YIMBY solution won’t improve Australian housing affordability


The “Yes in My Backyard” (YIMBY) movement contends that easing planning regulations and saturating Australia’s cities with high-rise apartments can restore housing affordability.

Their argument fails when you consider that Sydney’s and Melbourne’s dwelling compositions have changed rapidly this century amid the substantial increase in unit & apartment construction:

Dwelling approvals: Sydney vs Melbourne

As noted by RMIT’s David Hayward last week about Melbourne:


“Over the 30 years to 2021, Melbourne’s 15 main inner and middle-ring municipalities increased housing by 55%, or 318,000 dwellings. Of these, 90% were of medium and higher densities, according to my analysis of census data”.

“Detached housing in these areas has fallen from 66% to barely 50% over that period. If the government’s targets were met, detached houses would be under 33%”.

Melbourne dwelling composition

The Victorian government has set a target to build 2 million new homes by 2051 to keep pace with the state’s rapid population growth, which is predicted to swell to 11.2 million people by 2056, with Melbourne ballooning to 9.0 million:

Victorian population growth

Such an extreme construction level would transform Melbourne into a high-rise city.

Melbourne had 2,057,482 dwellings in the 2021 Census, while Victoria had 2,805,661 dwellings.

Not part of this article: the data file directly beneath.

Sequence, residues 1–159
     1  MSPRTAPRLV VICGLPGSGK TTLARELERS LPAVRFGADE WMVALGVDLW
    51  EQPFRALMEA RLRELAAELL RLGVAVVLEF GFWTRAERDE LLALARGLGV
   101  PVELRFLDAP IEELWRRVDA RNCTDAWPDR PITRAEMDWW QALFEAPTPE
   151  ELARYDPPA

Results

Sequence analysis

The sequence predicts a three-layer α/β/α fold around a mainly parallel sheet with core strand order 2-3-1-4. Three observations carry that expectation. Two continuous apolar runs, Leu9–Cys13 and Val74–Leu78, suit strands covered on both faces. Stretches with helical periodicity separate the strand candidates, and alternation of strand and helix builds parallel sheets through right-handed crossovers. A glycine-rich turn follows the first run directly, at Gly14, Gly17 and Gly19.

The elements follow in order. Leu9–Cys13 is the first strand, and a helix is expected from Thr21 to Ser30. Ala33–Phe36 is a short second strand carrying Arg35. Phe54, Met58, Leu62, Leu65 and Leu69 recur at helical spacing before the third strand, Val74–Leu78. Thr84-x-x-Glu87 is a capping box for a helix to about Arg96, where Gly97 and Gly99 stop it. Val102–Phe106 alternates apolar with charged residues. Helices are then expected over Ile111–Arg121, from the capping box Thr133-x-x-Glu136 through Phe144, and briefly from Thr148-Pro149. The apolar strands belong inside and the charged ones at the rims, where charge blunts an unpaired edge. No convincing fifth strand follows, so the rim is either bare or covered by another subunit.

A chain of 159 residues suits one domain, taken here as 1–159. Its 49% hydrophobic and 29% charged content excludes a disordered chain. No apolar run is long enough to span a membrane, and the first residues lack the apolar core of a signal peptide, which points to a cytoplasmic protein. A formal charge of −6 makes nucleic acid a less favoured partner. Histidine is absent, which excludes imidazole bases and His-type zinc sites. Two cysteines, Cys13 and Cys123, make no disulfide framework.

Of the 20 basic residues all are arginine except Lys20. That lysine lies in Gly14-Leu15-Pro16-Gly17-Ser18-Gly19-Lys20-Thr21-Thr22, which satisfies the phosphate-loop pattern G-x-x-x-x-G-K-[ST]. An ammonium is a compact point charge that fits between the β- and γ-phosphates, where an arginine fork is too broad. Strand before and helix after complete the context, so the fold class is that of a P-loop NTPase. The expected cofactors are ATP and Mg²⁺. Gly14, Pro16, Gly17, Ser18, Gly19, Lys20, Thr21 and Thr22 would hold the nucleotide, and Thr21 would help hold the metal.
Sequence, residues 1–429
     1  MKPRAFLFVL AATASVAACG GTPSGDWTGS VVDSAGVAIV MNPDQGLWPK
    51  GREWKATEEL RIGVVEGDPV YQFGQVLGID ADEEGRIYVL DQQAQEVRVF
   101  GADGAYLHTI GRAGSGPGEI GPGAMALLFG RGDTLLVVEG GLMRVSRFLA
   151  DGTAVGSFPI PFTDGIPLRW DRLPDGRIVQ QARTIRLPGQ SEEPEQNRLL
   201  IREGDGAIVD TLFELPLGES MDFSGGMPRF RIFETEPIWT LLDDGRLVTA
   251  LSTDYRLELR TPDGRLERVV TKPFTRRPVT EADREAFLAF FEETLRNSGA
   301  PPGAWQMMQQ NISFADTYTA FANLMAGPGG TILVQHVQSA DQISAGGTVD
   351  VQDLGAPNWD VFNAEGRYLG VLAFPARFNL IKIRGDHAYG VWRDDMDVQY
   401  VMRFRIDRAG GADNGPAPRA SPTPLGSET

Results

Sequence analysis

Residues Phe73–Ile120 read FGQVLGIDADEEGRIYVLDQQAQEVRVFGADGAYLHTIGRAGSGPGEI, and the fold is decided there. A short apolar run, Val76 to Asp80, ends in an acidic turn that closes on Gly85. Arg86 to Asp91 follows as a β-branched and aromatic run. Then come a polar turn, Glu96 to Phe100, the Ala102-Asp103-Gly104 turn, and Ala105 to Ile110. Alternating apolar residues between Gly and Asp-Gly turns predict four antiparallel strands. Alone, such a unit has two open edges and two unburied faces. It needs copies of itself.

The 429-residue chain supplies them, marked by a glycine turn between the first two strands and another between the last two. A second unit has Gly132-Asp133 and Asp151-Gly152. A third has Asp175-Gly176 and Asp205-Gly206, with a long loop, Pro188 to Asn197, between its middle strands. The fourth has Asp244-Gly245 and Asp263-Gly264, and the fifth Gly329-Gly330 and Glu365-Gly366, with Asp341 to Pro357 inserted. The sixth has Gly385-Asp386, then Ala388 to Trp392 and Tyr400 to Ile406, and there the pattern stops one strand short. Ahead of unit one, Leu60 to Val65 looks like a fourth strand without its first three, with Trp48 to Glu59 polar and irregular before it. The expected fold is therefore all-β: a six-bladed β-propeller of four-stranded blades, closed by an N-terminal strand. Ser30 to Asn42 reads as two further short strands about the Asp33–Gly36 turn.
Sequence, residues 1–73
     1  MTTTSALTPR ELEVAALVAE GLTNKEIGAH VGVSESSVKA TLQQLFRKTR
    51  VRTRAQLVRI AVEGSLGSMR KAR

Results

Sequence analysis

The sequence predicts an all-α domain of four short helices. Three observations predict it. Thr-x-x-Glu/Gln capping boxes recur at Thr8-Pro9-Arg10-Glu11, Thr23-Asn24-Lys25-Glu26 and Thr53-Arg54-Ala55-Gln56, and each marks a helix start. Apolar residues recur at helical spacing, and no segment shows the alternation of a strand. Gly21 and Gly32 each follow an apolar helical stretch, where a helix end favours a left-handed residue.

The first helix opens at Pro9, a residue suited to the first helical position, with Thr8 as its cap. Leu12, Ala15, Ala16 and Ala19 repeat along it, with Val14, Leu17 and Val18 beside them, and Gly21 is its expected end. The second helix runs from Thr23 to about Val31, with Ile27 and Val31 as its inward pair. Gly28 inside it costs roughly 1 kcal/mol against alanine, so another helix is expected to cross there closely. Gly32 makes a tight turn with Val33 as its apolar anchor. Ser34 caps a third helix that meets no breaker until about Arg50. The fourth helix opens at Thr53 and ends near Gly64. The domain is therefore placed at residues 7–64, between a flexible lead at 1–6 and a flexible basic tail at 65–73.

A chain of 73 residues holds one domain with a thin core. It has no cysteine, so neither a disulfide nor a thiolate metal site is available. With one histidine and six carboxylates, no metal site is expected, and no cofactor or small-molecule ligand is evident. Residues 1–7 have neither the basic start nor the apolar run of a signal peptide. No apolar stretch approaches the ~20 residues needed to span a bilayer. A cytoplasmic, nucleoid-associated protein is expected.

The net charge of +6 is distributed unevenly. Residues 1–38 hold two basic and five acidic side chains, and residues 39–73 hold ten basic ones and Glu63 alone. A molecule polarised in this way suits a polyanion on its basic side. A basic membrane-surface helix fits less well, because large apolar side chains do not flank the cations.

An increase of 2 million dwellings represents a 71% increase in the number of dwellings in only 30 years—an extraordinary change in a short period.


Sydney is also expected to transform into a high-rise city, with Urban Taskforce projections showing that only 25% of homes would be detached houses by 2057, with apartments (50%) and townhouses (25%) dominating the urban form:

Sydney dwelling composition

Will a high-rise future deliver affordable housing to the residents of Sydney and Melbourne? Absolutely not. It hasn’t done so over the past 20 years.


The absurdity was illustrated on Monday when The Age reported that “the Planning Minister, Sonya Kilkenny, had approved the $1.57 billion Vicinity Centres project – which will change the shape of Box Hill with towers up to 50 storeys and a total of 1700 apartments”.

Box Hill planned development

So, that is $1.57 billion to build 1,700 apartments, which equates to $923,529 per apartment. In what world is that affordable?


The Labor government’s 2,000,000 new homes target over the next 28 years would require another 1,176 projects of this sort. That is, 8,235 towers in total, ranging in height from 19 to 49 levels, at a development cost of around $1.85 trillion dollars!

Few Melburnians or Sydneysiders want their city’s populations to balloon in size to 9 million and 8 million people, respectively, mid-century, and to transform into Asian-style high-rises.

Residents of both cities are already struggling under the weight of 20 years of extreme population growth.

About the author
Leith van Onselen is Chief Economist at the MB Fund and MB Super. He is also a co-founder of MacroBusiness. Leith has previously worked at the Australian Treasury, Victorian Treasury and Goldman Sachs.